Whew! This past week I was on vacation so the last week of my Marisol Escobar study has been a little crazy. I posted a few little things while traveling and then got caught up this weekend.
I didn't realize how many portraits of famous people that Marisol did, many more than these here but four of my my faves are Georgia O'Keeffe with Antelope, John Wayne, Picasso, and Andy Warhol.
In Marisol's sculptures, small Marisol dolls are often held captive by larger figures, raising the issue of control or perhaps being controlled. Marisol said of the sculpture Baby Boy:
Marisol and Andy Warhol were good friends in the 60's and often attended events together. It was said that “If ever there was anyone who could out Warhol- Andy Warhol, it [was] Marisol Escobar.”
She appeared in two of Andy’s earliest films: The 13 Most Beautiful Girls and The Kiss.
Once again, Marisol's career was in high gear and she decided to leave NYC. This time she traveled the world––Asia, Tahiti, the Caribbean, South America. While in Tahiti she learned to scuba dive. She dove in every ocean in the world.
On Marisol's return from Tahiti, she embarked on a body of work centered on fish. She used photographs taken while scuba diving and relied on technical drawings. The fish have plastic faces cast from Marisol's face. In 1973 nine fish sculptures were paired with 16 landscapes for a solo show at Janis. She explained:
Marisol also returned to printmaking. She told reporters that she was not interested in prints, that people talked her into it but she took a printmaking class in 1957, did a printmaking residency 1964-1965, another one 1970-1973, and continued to make prints for many years.
Marisol also completed a number of large drawings in which bright colors are negated by violence and eroticism. The titles of the pieces are aggressive and in the first person. Viewers were overwhelmed with the scale of the pieces from 3x4 feet to 6x8 feet.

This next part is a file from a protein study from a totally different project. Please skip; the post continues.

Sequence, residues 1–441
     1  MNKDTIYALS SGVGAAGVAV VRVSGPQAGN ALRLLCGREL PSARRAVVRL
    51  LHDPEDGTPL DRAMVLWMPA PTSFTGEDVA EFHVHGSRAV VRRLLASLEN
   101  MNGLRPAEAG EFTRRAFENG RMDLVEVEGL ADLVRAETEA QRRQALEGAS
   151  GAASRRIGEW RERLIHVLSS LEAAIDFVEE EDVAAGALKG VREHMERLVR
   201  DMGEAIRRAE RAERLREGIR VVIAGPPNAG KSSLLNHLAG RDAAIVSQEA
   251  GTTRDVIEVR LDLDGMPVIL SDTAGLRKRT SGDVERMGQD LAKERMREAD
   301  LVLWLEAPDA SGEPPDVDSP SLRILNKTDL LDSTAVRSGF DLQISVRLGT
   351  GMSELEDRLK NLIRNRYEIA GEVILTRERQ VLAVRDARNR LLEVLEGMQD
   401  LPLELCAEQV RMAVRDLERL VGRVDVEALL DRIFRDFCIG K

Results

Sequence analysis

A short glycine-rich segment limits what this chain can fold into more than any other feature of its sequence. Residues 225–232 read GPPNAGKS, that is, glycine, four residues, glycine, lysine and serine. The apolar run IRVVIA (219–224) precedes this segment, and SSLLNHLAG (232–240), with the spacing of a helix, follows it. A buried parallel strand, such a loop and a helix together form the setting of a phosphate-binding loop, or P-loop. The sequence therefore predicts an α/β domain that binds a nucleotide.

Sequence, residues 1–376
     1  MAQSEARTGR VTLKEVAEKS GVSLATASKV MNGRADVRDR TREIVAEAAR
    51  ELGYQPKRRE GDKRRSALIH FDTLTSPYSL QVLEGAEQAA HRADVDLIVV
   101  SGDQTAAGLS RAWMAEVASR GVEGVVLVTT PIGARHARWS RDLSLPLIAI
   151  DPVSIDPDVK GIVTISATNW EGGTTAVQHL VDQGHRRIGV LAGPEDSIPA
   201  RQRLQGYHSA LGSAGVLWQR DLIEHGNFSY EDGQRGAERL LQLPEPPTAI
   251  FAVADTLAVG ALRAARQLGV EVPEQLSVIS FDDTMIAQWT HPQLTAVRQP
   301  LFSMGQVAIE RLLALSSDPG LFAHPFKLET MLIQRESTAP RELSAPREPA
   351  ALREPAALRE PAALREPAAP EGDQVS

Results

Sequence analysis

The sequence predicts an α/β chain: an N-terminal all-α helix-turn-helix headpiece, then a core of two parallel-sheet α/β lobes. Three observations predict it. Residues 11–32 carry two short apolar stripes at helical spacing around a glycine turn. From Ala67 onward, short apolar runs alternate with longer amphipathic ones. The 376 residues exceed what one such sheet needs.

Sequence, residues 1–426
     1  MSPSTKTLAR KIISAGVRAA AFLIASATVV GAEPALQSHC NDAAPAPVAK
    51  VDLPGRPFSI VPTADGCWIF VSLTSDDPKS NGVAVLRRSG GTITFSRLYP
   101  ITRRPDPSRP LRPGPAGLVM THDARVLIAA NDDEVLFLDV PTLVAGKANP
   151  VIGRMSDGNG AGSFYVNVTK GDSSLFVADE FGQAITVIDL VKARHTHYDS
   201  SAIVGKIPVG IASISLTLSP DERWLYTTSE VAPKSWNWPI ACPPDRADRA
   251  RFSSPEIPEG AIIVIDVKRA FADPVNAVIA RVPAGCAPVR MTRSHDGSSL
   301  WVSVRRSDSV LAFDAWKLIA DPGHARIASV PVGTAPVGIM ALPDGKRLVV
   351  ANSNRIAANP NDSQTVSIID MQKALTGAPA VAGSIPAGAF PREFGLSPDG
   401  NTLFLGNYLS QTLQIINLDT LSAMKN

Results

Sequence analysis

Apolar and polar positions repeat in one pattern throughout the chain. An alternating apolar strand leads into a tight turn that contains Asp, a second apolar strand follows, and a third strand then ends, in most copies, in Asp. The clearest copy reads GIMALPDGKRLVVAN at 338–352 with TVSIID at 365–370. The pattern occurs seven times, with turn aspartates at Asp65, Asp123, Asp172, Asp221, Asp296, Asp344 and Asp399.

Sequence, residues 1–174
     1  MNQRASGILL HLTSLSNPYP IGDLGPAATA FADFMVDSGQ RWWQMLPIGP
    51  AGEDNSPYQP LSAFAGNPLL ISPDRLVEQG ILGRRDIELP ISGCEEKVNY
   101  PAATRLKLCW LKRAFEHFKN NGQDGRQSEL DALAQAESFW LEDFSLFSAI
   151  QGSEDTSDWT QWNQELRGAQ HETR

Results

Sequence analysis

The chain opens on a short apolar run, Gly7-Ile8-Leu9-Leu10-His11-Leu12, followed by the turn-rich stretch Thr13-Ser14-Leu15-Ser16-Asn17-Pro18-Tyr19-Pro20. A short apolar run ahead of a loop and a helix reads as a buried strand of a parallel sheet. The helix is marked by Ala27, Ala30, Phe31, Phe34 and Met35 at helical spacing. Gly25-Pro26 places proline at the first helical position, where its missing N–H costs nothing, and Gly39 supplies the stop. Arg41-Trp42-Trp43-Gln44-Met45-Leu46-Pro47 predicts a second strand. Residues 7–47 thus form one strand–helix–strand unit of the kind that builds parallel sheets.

Critics weighed in "the work of Marisol always seemed somewhat uneasy and out of place in the company of other Pop art. In the context of her recent highly charged sexual imagery, it is difficult even to see her doll-like early pieces as the light-hearted, humorous, 'populur' icons we once thought they were. Now these boxed in figures seem like trapped mummified victims as well as wry commentaries on sexual role-playing and the nuclear family."
Marisol responded in her typical cool tone: "I have always done erotic art. ... Erotic art is a way out from war and bombing. . . . It's a good moral idea to distract people from destroying themselves."
Marisol participated in collaborative projects, often creating sets and costumes for dance companies. She had a close relationship with dancer/choreographer Martha Graham.
Marisol's portrait of Martha is similar to her portraits of Picasso, DeKooning, and her father––seated in chairs with their age (and perhaps wisdom) emphasized. Marisol said
Marisol made a few homages to Leonardo DaVinci (Mona Lisa and Madonnna, Child, St. Anne and St. John) and said he was an influence very early on. She said her Last Supper was about the "downfall of Western culture, the loss of morality," and that she was watching it all happen.
Another theme for Marisol was poverty and social injustice. The Family, 1962, is based on a found photograph similar to the dust bowl families made famous by FSA photographers. Marisol's The Family is missing the male head of household, working-class, anonymous, and literally tied to the wall. Marisol's Boy with Empty Bowl, 1987, was created for the International Art Show for the End of World Hunger.
Marisol Escobar had Alzheimer's disease and died last year on April 30th of pneumonia at the age of 85. In the 1960's she was more popular than Andy Warhol but since has mostly been forgotten.
She was usually described as a Pop artist though never really fit in any category. At the peak of her popularity she said, "It doesn't make any real difference whether I continue to be successful. If one artist that you respect says he likes your work, that's the important thing. I could go on working even unrecognized." (And she did just that.)